What if we stopped ten random shoppers on the High St and asked them if they know what “marketing” means? We could use David Brent’s quote fingers as inverted commas, just for effect. I’m sure only one of those imaginary folk would come up with something meaningful. The other nine would be mystified and probably cross the road to avoid us.
This is the problem with the “M” word. What does it really mean?
Within large multi-national corporations full of allegedly competent business people, the marketeers are often at the wrong end of mickey-takes and tongue-in-cheek banter. I’ve personally heard water-cooler chat along these lines: “What on earth happens in the marketing department?” with a snotty tone suggesting, “Absolutely nothing. That’s what!”. But here’s the shocking bit; there really is only one department (other than the CEO) in any company, large or small, that lives or dies by its genuine understanding of absolutely everything else that goes on in that business. And that one department is marketing. We have to know everything about everything. And that’s why it’s interesting to you and me and anyone thinking of opening up a business or trying to improve one.
I’ve earned a very respectable living from marketing products and services for more than 20 years but I have to confess I’ve been scratching my head over the exact meaning of the “M” word for most of them. Back in 1997, I read a brilliant little handbook by the American Robert Grede that distilled marketing down to a simple conclusion of “having the right thing at the right price available to the right people in the right place”. This does kind of sum it all up but it doesn’t explain how that might be done. Saying is one thing, doing is another.
Marketeers are great doers. They’re also seekers, inquisitively going about their business, trying to discover what it is that must change to make sure the “thing” sells better or works better or is cheaper or more expensive or just carries on having an appeal to customers. And they must do all this with razor sharp focus on margins, logistics, sourcing, advertising, legacy, human resource and, of course growth. So it is no exaggeration that marketing means to know as much as possible about pretty much everything going on in the business. This is why being into marketing means being into business. And I, for one, would struggle to separate a marketing plan from a business plan, the only difference being that latter is the one you show your bank manager and the former is the one you use. It’s also the one area of expertise that shouldn’t really ever be outsourced to a third party company because lets face it, if you are outsourcing a complete understanding of all of your business, you’re probably bored of it yourself and need a change!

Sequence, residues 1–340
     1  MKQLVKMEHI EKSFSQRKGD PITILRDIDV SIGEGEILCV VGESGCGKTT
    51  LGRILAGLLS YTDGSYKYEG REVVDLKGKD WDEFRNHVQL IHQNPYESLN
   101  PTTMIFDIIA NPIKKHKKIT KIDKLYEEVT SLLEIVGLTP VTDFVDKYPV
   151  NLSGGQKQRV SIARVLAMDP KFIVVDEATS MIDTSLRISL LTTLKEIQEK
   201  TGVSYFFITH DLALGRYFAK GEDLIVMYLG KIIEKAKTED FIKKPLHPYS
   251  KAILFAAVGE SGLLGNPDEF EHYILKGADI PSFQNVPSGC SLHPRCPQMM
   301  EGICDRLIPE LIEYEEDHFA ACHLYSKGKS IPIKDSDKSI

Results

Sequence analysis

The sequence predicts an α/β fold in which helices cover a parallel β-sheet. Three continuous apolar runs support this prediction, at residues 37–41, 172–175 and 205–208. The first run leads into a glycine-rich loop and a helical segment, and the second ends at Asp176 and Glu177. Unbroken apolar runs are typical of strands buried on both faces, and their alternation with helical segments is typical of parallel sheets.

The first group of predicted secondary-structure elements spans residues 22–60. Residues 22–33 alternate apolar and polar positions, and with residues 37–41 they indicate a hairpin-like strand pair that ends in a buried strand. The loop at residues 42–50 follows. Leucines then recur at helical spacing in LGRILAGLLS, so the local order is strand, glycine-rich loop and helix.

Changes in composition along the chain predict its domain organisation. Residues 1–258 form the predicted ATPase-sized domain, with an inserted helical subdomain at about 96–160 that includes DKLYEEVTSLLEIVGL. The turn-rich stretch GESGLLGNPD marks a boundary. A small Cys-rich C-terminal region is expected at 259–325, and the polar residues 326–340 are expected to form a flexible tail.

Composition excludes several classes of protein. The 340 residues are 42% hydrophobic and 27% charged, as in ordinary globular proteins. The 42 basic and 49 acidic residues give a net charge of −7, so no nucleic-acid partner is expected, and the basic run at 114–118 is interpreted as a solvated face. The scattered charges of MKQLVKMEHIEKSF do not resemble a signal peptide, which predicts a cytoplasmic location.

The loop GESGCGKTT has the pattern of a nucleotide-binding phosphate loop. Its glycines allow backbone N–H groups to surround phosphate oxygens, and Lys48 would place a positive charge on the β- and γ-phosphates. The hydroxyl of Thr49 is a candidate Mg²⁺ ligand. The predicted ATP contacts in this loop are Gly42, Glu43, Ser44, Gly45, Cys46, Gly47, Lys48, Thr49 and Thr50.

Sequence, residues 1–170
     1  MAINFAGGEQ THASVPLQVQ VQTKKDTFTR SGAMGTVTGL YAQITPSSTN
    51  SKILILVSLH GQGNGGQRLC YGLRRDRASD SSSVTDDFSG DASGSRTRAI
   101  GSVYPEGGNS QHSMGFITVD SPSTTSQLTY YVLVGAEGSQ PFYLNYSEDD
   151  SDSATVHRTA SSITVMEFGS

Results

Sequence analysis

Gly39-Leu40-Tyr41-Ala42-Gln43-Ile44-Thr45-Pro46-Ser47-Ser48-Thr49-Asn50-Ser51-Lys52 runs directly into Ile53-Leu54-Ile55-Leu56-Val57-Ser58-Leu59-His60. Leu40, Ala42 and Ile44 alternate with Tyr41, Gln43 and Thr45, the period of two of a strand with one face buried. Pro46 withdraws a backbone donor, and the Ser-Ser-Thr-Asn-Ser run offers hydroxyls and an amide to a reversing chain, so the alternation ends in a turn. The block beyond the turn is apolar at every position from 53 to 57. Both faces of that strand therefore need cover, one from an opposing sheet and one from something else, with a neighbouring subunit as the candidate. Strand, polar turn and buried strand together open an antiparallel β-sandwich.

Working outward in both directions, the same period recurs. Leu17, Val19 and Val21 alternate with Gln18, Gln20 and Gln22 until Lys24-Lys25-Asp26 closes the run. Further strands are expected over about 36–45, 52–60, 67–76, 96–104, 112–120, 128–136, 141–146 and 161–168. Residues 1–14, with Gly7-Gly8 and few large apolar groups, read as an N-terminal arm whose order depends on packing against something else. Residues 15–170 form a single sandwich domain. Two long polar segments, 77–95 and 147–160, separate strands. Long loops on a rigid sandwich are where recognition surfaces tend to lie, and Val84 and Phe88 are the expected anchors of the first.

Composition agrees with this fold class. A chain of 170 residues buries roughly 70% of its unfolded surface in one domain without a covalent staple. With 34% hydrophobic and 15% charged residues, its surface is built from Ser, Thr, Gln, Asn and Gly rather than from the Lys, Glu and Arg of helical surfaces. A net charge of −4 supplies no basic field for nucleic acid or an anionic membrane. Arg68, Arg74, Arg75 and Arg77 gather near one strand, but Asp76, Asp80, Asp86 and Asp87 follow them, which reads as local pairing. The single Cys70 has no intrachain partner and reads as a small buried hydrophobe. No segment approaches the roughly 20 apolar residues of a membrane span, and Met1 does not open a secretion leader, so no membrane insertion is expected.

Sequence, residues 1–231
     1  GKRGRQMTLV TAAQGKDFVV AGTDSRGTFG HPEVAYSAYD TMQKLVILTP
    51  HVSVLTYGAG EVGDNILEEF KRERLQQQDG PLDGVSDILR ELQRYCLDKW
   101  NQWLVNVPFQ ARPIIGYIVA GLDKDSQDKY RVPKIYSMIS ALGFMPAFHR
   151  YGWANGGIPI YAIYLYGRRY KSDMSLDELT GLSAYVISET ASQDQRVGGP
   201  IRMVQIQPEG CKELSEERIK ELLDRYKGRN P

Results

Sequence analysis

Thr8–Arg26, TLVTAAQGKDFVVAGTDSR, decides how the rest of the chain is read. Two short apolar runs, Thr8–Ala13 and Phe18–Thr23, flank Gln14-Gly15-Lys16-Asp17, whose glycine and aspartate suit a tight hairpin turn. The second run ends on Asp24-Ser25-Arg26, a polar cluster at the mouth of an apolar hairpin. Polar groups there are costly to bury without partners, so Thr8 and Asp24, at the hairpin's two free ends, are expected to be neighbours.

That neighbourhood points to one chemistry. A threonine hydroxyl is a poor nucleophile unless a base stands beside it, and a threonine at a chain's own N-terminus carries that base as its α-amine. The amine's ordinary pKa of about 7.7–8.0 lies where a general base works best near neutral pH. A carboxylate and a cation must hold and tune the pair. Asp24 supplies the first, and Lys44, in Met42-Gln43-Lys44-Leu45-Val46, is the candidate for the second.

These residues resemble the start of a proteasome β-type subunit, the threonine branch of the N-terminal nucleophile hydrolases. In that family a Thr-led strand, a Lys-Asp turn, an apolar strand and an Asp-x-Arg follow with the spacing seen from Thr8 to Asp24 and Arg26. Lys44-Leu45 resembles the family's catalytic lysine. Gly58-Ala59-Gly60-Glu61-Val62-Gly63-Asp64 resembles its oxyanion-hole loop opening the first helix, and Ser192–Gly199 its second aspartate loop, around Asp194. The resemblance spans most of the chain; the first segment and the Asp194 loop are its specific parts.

So next time a stranger stops you in the street to ask what the “M” word really means, you can assertively tell them it means to know everything about everything then come up with a plan to make sure everything carries on happening only better.
©John Pearce, 19 March 2013
John is Commercial Director at Pearce Marketing & Media Ltd, an SME consultancy specializing in TV Home Shopping, Direct Marketing and International Trade.